At a congressional inquiry into thousands of lost emails Friday, Rep. Paul Ryan R-Wis. blasted Internal Revenue Service commissioner John Koskinen for what he called a “pattern of abuse.” The emails belonged to a former IRS official under investigation for targeting conservative groups.
Kosiken told members of the House Ways and Means Committee he did not feel the agency needed to apologize for the loss. Ryan and the committee accused him of covering up a targeting scandal in which conservative groups were the objective.
“This is unbelievable,” Ryan said. “That’s your problem. Nobody believes you.”
“I have a long career,” Koskinen said. “That’s the first time anyone’s said I don’t believe you.”
Former IRS employee Lois Lerner is under investigation for allegedly targeting conservative groups. Republican officials ordered emails between Lerner and other government officials, including White House members, handed over to determine whether there was an organized effort to hinder conservative groups before the 2012 election.
Upon learning that many of Lerner’s emails over a two-year period reportedly disappeared, committee Republicans lambasted Koskinen for “keeping secrets.” Committee members accuse the commissioner and the IRS of knowing the emails were missing months earlier and having lost six other employee emails.
“The IRS is in charge of hundreds of millions of taxpayer’s information,” said Chairman David Camp R-Mich. “And you’re now saying your technology system was so poor that years worth of emails are forever unrecoverable? How does that put anyone at ease?”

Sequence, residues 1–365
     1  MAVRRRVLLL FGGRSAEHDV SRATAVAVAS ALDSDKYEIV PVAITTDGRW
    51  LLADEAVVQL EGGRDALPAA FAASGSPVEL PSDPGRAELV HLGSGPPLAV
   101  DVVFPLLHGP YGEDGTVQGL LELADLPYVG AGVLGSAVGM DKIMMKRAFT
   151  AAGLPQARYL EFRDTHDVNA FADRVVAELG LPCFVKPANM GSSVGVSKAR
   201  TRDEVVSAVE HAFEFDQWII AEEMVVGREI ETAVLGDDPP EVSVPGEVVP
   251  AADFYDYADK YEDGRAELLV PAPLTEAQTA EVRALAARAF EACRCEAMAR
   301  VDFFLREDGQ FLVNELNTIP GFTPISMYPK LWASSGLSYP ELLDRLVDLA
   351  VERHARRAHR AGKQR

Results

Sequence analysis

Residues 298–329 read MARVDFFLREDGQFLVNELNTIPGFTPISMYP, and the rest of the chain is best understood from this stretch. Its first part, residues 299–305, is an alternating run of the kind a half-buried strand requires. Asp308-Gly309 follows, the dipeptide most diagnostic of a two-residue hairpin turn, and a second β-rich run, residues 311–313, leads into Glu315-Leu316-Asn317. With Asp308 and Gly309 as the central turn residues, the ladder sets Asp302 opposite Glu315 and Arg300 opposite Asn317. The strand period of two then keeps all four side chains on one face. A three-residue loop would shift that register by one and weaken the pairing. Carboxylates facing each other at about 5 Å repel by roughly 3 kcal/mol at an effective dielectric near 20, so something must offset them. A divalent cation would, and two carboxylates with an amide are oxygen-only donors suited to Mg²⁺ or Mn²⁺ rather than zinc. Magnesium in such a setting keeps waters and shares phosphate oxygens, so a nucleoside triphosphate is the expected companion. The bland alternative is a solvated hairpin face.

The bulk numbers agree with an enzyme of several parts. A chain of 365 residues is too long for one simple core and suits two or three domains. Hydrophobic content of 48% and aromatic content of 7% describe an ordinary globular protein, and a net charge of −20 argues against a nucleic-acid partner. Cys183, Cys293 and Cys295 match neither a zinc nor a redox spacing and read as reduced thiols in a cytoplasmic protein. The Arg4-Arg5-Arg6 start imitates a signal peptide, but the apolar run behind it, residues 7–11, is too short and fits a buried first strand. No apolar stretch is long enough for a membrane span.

Camp questioned how the IRS could say, “I lost it” when the agency requires the average American to hold on to receipts in order to file annual taxes asking how far that excuse would get them in an audit. He said he believed Koskinen owed an apology.
Ryan also blasted the IRS commissioner for possibly misleading Congress about the emails. “This is unbelievable,” he said. You told us in May you were going to give us the emails. And you learned in February that this crashed.”
During the hearing, Lerner invoked the Fifth Amendment right not to incriminate herself several times. According to emails the IRS provided to Congress, Lerner first learned about IRS staffers improperly reviewing applications for tax-exempt status by Tea Party and other conservative groups on June 29, 2011. An audit performed by the Treasury Department for tax administration revealed that she was not informed about the reviews until weeks following her computer crash on June 13.
Koskinen said that Lerner’s hard drive had been recycled so it was unavailable to the IRS and Congress. Last week, the IRS said it was made aware of the missing emails in February. The agency also said that after the June 2011 computer crash, technicians were unable to retrieve information from the hard drive.
Ryan continued to blast the IRS commissioner, questioning the agency’s competency in maintaining employee’s emails. “You are the Internal Revenue Service. You can reach into the lives of hardworking taxpayers and with a phone call and email or a letter you can turn their lives upside down,” he said. “You ask tax payers to hand us seven years of their personal tax information in case they are ever audited and you can keep track of six month’s worth of employee emails?”
By Brandi M. Fleeks